In “Save the Homeland,” for the Play Station 2 console, your new town is on the verge of being demolished by a construction company to be made into a theme park. You must find something in nature and about the town that will protect it. There are 9 different ways to beat the game. Most of them involve finding an endangered or rare animal, sending that information to the wildlife preserve and gaining preserve status for the town and surrounding areas.
Harvest Moon is a tedious game. In order to make money you have to water each plant individually (that is, until you save enough money to buy an upgrade for your tools), brush and feed each animal individually, and give gifts to the townspeople in order to advance in the game at all. However, many games are like this. In World of Warcraft, players work for months to get their character from level 1 to level 80, but the work pays off for them eventually. Harvest Moon could potentially create an understanding of nature amongst players.
Before “Save the Homeland,” “Harvest Moon, Back to Nature” was made for the Play Station console. In this game, you return to your grandfather’s farm after he passed away. As the mayor of the town is explaining a deal the villagers made, you remember the summers you used to spend on the farm. A feeling of guilt comes over you as text scrawls across the screen saying, “I’ve been really busy… I can’t come visit you.” Leaving the city life and going “back to nature” is the theme of the game. The townsfolk have decided that if you can fix the abandoned farm and bring it back to the place it used to be in three years, you will be the rightful owner. It is possible that this game called “back to nature” could potentially bring us back to nature.
“The baby doll syndrome” is a term I coined in order to explain the educational values behind playing. Parents give their daughters baby dolls when they are young in order to simulate the act of mothering. Learning what is important when taking care of a baby and how to act is an important lesson that deepens already present motherly instincts. Just like this playing, the game play of Harvest Moon could potentially teach younger generations to care for nature. Bringing the town and farm back to life is how you beat the game, if gamers can see similar favorable results in bettering their actual environment; this could potentially be the same type of system as having little girls play with baby dolls.
In order to further understand the results of playing video games, I looked at the popular studies of what kind of effects playing Grand Theft Auto has on younger generations. Grand Theft Auto by Rockstar Games released its first installment of the franchise in 1997, coincidentally, the same year Harvest Moon got its start. Sadly, Grand Theft Auto got much more attention than the farming game. The game has a mature rating, which doesn’t stop younger generations from playing it and the many sequels.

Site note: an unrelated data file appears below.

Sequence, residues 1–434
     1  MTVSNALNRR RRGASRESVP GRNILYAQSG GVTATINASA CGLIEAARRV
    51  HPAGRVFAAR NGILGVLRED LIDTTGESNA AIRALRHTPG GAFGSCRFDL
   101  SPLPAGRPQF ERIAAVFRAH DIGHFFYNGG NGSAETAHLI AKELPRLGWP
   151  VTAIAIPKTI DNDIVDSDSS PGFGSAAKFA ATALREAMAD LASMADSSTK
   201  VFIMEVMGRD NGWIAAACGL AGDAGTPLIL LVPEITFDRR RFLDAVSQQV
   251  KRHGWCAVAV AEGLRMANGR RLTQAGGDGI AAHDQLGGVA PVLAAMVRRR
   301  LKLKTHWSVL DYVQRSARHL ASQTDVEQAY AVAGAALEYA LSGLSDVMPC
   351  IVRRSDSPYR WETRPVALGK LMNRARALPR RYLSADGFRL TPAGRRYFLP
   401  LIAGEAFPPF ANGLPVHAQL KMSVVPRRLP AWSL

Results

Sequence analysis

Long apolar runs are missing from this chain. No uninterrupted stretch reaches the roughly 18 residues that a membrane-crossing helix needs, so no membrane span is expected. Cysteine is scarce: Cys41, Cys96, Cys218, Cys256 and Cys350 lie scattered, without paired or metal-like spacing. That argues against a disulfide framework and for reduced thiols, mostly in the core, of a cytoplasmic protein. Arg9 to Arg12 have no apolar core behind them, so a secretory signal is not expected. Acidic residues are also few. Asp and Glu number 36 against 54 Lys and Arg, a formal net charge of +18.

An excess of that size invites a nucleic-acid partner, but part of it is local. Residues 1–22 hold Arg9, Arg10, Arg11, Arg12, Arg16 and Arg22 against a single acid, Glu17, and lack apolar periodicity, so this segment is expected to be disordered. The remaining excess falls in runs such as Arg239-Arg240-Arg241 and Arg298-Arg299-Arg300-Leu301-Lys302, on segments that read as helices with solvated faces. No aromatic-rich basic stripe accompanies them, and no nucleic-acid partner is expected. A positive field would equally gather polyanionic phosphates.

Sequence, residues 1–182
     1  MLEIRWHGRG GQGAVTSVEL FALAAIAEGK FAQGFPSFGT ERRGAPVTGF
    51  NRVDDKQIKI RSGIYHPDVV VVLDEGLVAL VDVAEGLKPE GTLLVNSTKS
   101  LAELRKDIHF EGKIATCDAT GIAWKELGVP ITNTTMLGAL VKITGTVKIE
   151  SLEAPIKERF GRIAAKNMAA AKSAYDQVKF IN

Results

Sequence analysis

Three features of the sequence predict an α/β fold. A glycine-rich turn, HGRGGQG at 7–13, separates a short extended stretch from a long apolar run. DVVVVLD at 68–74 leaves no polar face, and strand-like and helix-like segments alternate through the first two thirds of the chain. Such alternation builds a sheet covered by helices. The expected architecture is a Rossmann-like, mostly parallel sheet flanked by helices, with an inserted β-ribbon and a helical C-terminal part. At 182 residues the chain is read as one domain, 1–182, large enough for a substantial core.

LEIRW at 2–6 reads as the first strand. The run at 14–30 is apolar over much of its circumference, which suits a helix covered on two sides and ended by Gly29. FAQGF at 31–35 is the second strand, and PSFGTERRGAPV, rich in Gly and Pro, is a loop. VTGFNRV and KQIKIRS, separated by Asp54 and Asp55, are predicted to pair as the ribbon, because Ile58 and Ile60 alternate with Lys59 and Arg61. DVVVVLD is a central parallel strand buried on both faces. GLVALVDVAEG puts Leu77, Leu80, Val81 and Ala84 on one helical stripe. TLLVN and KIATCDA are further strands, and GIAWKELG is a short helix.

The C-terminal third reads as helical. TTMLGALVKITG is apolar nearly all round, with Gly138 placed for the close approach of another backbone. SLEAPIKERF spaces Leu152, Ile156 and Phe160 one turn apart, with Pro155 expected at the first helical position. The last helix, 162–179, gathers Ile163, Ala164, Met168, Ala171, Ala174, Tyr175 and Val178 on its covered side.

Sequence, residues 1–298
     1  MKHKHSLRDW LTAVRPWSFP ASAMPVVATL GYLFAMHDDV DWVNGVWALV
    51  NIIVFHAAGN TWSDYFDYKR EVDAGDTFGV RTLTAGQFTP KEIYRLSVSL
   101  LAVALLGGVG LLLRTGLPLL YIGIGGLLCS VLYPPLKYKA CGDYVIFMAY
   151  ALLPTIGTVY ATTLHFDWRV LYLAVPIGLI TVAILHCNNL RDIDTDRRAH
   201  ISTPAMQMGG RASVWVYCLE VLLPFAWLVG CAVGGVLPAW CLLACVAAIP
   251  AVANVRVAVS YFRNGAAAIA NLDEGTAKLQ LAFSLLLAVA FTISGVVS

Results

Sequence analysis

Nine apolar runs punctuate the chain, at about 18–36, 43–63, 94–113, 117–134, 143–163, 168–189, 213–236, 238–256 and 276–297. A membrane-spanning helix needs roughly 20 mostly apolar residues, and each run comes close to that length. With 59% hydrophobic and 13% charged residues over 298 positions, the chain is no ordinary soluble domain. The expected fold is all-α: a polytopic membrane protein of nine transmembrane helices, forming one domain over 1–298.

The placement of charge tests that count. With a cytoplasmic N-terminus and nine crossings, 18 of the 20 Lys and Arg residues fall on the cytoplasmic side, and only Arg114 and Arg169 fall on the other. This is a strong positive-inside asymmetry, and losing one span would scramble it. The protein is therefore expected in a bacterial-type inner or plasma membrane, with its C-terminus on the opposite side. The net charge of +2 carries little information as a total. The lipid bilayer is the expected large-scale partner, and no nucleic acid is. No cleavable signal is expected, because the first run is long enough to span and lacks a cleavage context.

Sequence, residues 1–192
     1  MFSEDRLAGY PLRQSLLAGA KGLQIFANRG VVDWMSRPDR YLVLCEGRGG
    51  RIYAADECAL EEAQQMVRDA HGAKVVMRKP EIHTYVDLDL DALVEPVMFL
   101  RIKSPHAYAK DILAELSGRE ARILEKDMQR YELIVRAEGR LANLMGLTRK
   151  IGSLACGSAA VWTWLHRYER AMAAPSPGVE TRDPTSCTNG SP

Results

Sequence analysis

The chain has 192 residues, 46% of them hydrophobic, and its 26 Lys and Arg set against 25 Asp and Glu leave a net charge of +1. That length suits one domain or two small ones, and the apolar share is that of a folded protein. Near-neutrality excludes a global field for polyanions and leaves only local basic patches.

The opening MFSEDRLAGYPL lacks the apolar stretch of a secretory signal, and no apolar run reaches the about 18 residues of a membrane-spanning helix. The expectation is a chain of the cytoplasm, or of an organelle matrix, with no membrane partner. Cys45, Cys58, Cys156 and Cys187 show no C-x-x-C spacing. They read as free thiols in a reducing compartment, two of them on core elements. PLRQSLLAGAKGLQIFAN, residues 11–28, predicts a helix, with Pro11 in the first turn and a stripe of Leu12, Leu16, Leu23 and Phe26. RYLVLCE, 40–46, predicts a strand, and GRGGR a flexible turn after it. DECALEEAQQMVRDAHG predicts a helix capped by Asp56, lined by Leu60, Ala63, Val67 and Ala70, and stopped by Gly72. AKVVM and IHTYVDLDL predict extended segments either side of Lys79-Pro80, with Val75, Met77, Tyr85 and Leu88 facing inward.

Grand Theft Auto follows a basic theme of being a thug, slapping prostitutes, stealing cars, decapitating police officers and causing general bloody chaos. The Pew Research Center reported in 2008 that “97% of youths ages 12 to 17 played some type of video game, and that two-thirds of them played action and adventure games that tend to contain violent content. (Other research suggests that boys are more likely to use violent video games, and play them more frequently, than girls.)” According to the American Academy of Pediatrics (AAP) and the American Academy of Child & Adolescent Psychiatry (AACAP), “violence in any medium (including video games) can contribute to real-life violent behavior and harm children in other ways.” If violence in video games can contribute to violence in children, then why can’t respect and care for nature in video games lead to the same effect?
Marina Krcmar, associate professor of communication at Wake Forest, who studies the impact of video games on children and teens says, “Greater realism leads to greater immersion; greater immersion leads to greater effects. One of those effects can be increased aggression.” The new advances in technology have allowed for games to be much more realistic than they used to be. Krcmar says this can be a good or a bad thing, depending on the content of the games. Krcmar herself recommends Harvest Moon for children because “It allows them to own a farm, grow food and take care of animals, but is also helps children practice planning, problem-solving and strategizing.” Not only those things, but the farming simulator teaches children to respect nature.